Lobaton's three-run homer leads Nationals to tie up NLDS

Lobaton's three-run homer leads Nationals to tie up NLDS


WASHINGTON -- Jose Lobaton got the chance to play in the postseason because of a teammate's late-September injury and, boy, did the little-used backup catcher make the most of it.

Lobaton hit a three-run homer, Daniel Murphy provided more-expected production by driving in a pair of insurance runs, and Washington's bullpen threw 4 2/3 scoreless innings Sunday, leading the Nationals past the Los Angeles Dodgers 5-2 in a rain-postponed Game 2 to even their NL Division Series at 1-all.

The Nationals trailed 2-0 in the fourth when No. 8 hitter Lobaton put them ahead for good by connecting off a curveball from Rich Hill after the Dodgers left-hander walked Murphy and hit a batter.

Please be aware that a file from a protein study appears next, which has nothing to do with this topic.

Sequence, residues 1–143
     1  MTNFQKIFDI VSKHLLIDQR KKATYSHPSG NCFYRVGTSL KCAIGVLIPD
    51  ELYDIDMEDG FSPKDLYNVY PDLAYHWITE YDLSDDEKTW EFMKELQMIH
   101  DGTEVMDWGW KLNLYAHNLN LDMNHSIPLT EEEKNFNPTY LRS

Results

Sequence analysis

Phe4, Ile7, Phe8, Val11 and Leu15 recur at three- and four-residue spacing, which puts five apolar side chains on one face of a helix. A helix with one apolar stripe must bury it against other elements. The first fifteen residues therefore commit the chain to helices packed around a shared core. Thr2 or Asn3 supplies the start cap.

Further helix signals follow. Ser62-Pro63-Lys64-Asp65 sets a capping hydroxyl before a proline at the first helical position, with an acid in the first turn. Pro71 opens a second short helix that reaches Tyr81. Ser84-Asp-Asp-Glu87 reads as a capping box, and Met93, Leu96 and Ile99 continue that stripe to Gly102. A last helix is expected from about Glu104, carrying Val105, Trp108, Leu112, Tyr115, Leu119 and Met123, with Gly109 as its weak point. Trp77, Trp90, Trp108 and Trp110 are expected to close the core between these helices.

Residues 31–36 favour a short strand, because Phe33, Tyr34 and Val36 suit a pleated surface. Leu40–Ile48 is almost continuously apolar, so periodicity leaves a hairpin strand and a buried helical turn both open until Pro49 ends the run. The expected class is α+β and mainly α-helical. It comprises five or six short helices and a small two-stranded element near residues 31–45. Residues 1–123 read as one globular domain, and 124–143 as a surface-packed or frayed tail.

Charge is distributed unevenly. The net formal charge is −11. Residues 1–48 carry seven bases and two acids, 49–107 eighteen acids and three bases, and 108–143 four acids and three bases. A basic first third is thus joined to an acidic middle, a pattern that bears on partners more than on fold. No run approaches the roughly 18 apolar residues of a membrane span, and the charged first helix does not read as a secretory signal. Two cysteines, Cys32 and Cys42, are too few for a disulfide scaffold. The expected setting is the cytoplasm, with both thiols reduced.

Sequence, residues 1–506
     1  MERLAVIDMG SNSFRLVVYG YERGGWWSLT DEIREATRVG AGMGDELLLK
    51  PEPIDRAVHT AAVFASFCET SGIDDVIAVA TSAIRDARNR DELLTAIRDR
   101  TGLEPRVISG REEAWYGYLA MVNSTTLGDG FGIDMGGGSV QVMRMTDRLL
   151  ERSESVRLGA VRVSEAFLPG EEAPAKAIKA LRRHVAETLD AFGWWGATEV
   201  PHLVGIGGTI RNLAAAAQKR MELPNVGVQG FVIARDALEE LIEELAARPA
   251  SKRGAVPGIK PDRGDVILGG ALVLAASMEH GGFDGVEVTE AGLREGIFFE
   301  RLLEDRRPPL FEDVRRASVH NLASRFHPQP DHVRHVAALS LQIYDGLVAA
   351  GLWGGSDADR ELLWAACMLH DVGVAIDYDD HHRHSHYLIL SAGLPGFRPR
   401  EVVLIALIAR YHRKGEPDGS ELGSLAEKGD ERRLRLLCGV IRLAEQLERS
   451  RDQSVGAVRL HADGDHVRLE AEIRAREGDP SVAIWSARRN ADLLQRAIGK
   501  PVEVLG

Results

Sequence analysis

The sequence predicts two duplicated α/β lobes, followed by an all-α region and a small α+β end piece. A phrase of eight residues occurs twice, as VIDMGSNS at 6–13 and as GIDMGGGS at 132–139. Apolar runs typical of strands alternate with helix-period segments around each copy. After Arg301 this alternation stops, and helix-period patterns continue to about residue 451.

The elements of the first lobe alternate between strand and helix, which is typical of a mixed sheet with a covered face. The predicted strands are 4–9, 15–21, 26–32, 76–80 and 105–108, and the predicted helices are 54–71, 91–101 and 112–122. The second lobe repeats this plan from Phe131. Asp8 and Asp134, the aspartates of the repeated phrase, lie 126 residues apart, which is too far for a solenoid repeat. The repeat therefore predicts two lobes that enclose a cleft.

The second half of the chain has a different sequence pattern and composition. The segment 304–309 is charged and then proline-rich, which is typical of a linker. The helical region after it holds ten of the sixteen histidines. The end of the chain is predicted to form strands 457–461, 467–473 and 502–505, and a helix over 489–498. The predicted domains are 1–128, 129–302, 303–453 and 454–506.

Hard to see this coming: Lobaton did not do much at the plate in 2016, batting .232 in only 99 at-bats overall, including 1 for 15 against lefties. Then again, that lone hit was also a homer, and also against the Dodgers - off Scott Kazmir in July.

Lobaton didn't even start the playoff opener, in fact. He sat behind rookie Pedro Severino, who had played all of 18 games in the majors.

Murphy, in contrast, has been Washington's best hitter all season, considered a top contender for league MVP honors. Indeed, fans chanted those three letters after each hit as he went 3 for 3, including RBI singles in the fifth and seventh.

The Dodgers had gone ahead on Corey Seager's second first-inning homer of the series and Josh Reddick's run-scoring single in the third on a play at home in which Lobaton couldn't hold onto Bryce Harper's throw home from right. Both runs came against Tanner Roark, who lasted 4 1/3 innings.

Five Nationals relievers did the rest, with Mark Melancon working around a single in the ninth - the lone hit allowed by the hosts' bullpen - to earn the save. Blake Treinen went 1 1/3 innings and got the win.